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Iowa is right there with Georgia at five players (Aidrian Clayborn, Cole Croston, James Ferentz, Riley McCarron, Matt Tobin). Vanderbilt is next on the list with four (Adam Butler, Andrew Jelks, Jordan Matthews, Ralph Webb), even with Rutgers (Devin and Jason McCourty, Duron Harmon, Kenny Britt). Arkansas follows closely behind with three (Trey Flowers, Dietrich Wise, Cody Hollister).

If you look at the coaches involved in helping certain groups of players develop, the Patriots connections become even a little more clear.

At Iowa, it's Kirk Ferentz, who served as a Belichick assistant in Cleveland back in the 90s. At Vanderbilt, Belichick thinks highly enough of Derek Mason that he gave Mason and the Vandy coaching staff a behind-the-scenes look at spring workouts in New England last year. At Rutgers, Belichick's relationship with former Scarlet Knights coach Greg Schiano has been well-documented.

Then there are the coaches who've bounced around a bit and impacted multiple players on the Patriots roster at different spots.

Bret Bielema, who's been helping the Patriots this offseason (and was spotted with Belichick at The Preakness this weekend), coached all three Arkansas products as well as James White during his time at Wisconsin. Bo Pellini has coached three Patriots (Vincent Valentine and Rex Burkhead at Nebraska, Derek Rivers at Youngstown State).

Then there's that Georgia connection. Kirby Smart coached all three Bulldog rookies as well as the two Alabama products on the Patriots roster (Dont'a Hightower, Cyrus Jones) when Smart was coaching defense for the Crimson Tide. Former Georgia coach and current Miami sideline boss Mark Richt recruited all five Georgia players currently on the Patriots roster, and he coached both Miami rookies now in New England (Braxton Berrios, Trent Harris).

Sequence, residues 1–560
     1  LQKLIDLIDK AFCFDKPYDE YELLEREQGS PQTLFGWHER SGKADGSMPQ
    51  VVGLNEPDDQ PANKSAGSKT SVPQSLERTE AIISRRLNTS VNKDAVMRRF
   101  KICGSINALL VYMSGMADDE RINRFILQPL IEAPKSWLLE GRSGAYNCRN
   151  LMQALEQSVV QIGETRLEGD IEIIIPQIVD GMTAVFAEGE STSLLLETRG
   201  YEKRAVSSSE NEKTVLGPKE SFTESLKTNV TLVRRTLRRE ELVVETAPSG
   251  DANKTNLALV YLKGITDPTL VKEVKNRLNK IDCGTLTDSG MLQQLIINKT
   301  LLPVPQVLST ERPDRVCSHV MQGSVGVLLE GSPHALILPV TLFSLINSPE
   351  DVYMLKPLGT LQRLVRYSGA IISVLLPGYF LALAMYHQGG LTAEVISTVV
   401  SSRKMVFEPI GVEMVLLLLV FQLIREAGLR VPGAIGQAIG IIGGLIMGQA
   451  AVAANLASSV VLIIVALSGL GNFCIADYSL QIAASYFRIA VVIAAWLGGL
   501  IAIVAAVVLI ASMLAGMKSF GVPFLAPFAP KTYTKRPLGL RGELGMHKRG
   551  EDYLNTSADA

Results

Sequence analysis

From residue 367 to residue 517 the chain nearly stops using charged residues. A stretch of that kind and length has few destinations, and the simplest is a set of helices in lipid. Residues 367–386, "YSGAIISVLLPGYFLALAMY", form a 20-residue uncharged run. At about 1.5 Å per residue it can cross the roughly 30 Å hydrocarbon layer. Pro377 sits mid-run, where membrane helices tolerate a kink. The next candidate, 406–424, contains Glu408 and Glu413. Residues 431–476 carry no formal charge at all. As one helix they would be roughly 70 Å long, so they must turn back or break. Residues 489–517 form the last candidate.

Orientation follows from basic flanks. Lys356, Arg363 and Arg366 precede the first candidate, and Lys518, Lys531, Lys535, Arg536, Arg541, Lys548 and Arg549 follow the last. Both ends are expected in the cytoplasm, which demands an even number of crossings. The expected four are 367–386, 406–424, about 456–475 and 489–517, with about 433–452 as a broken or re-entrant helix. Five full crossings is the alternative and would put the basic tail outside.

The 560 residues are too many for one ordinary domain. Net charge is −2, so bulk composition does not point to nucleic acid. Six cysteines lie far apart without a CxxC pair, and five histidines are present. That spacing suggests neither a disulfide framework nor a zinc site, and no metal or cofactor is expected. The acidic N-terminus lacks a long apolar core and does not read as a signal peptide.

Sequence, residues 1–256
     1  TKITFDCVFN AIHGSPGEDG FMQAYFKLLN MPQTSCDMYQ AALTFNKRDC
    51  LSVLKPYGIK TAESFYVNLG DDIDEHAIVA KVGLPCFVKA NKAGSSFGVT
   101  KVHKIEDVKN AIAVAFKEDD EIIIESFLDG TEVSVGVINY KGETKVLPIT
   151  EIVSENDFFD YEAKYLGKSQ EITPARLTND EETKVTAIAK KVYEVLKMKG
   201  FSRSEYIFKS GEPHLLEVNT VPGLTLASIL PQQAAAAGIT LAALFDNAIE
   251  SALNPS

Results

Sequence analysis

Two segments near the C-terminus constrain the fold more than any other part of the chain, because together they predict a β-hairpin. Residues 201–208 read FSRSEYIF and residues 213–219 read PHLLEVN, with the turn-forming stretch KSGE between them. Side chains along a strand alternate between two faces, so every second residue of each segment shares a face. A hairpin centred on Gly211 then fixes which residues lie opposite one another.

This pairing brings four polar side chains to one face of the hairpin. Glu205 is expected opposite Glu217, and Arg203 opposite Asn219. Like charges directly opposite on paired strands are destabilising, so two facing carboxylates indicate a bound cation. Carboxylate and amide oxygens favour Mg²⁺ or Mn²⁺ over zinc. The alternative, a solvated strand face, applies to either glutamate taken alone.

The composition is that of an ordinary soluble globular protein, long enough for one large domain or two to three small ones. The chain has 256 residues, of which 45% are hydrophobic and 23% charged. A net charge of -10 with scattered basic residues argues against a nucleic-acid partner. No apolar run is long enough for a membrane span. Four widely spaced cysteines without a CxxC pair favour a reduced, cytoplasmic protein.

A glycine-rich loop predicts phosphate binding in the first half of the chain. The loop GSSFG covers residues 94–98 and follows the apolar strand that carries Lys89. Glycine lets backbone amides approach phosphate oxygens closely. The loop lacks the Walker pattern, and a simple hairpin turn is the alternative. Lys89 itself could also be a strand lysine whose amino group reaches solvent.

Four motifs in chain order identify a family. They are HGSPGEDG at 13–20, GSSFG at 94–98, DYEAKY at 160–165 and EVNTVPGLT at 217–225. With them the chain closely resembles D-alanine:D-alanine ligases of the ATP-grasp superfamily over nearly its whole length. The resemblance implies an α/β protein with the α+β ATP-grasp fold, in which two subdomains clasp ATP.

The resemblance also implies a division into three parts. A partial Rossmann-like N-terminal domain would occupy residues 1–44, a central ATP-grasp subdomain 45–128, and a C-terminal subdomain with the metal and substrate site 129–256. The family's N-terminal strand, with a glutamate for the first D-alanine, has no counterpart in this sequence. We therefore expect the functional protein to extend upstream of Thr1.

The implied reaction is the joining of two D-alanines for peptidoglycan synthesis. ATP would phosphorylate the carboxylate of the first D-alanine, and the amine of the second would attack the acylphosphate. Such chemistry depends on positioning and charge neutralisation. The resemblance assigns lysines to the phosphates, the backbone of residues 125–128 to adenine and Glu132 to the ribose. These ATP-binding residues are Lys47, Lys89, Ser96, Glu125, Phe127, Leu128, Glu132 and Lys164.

Asked why Belichick and the Patriots front office would be so interested in acquiring so many players from the same school, Andrews replied, "That’s a psychology question. Man, I don’t know . . .  

"You know, no, I don’t think there’s really like one thing. I think those are some great guys. They all work really hard. They’ve been great teammates to me, so that’s something you can always respect, and it’s guys like that you love having in your locker room and playing with.

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No matter how you look at it, the Georgia connection in New England is as strong as ever.

"Georgia the new Rutgers? Oh, I’m going to have to talk to Dev and Du about that and all those guys," Andrews said with a smile. "We might be now. We’ll have to see."

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Johnny Manziel signing with Hamilton of the CFL

Johnny Manziel signing with Hamilton of the CFL

Johnny Manziel won't be in the Patriots' plans at quarterback anytime soon.

The former Browns QB, Heisman winner in 2012 and first-round pick in 2014 announced on Saturday morning that he had decided to sign a contract to play in the CFL in order to "further my football career after a long break."

"I believe this is the best opportunity for me moving forward and I'm eager for what the future holds," Manziel tweeted. 

Manziel also announced that he'll be co-hosting the "Comeback Szn" podcast for Barstool Sports alongside his agent Erik Burkhardt and our buddy, former "Boston Sports Tonight" and "Football Fix" co-host, Kayce Smith.

"It's just a really good fit," Burkhardt said on "Comeback Szn." "Good offense. It's a really good league. It's been around forever, we vetted it well, and at the end of the day, like Johnny said, he wants to play ball."

Manziel, who's been out of football the past two years because of substance abuse and emotional problems, has battled bipolar disorder. He will play for the Hamilton Tiger-Cats under head coach June Jones, who has also coached in the NCAA and NFL ranks. Jones served as offensive coordinator of the Falcons (1991-93) before becoming their head coach (1994-96). He was also quarterbacks coach and interim head coach for the Chargers in 1998 before heading to the college ranks. Jones coached at Hawaii then at SMU, where he was the first person to offer Manziel a college scholarship. 

CFL rookie contracts are for two years, meaning the Tiger-Cats will have his rights through the end of the 2019 CFL season. 

Earlier this year, CFL commissioner Randy Ambrosie reiterated the league's stance that they're not in the business of letting players break their contracts to pursue NFL opportunities.

The Patriots took a look at him this spring, but even if they had interest, the possibility of which we discussed on Quick Slants the Podcast last month, any marriage will have to wait.